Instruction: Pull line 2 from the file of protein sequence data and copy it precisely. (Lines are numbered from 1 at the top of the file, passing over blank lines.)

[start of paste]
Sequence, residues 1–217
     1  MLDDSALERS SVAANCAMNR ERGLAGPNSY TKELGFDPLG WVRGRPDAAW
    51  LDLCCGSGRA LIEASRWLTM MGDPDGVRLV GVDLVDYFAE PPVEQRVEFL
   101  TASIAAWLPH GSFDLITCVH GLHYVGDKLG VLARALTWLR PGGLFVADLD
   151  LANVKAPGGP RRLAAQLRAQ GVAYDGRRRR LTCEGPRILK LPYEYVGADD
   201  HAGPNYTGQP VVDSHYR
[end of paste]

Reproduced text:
     1  MLDDSALERS SVAANCAMNR ERGLAGPNSY TKELGFDPLG WVRGRPDAAW